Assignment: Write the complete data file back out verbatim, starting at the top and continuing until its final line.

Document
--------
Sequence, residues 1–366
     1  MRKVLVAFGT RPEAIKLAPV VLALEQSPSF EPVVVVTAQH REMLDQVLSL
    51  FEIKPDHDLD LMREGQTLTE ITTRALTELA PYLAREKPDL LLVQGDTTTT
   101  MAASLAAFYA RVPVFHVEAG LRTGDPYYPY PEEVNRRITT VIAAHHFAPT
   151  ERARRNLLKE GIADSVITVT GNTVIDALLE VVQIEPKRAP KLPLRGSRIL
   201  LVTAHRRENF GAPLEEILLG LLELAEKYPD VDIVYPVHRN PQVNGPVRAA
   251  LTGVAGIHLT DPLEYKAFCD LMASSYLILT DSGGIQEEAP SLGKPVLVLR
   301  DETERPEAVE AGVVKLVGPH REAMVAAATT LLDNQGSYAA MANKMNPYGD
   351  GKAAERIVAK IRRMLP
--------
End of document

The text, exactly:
Sequence, residues 1–366
     1  MRKVLVAFGT RPEAIKLAPV VLALEQSPSF EPVVVVTAQH REMLDQVLSL
    51  FEIKPDHDLD LMREGQTLTE ITTRALTELA PYLAREKPDL LLVQGDTTTT
   101  MAASLAAFYA RVPVFHVEAG LRTGDPYYPY PEEVNRRITT VIAAHHFAPT
   151  ERARRNLLKE GIADSVITVT GNTVIDALLE VVQIEPKRAP KLPLRGSRIL
   201  LVTAHRRENF GAPLEEILLG LLELAEKYPD VDIVYPVHRN PQVNGPVRAA
   251  LTGVAGIHLT DPLEYKAFCD LMASSYLILT DSGGIQEEAP SLGKPVLVLR
   301  DETERPEAVE AGVVKLVGPH REAMVAAATT LLDNQGSYAA MANKMNPYGD
   351  GKAAERIVAK IRRMLP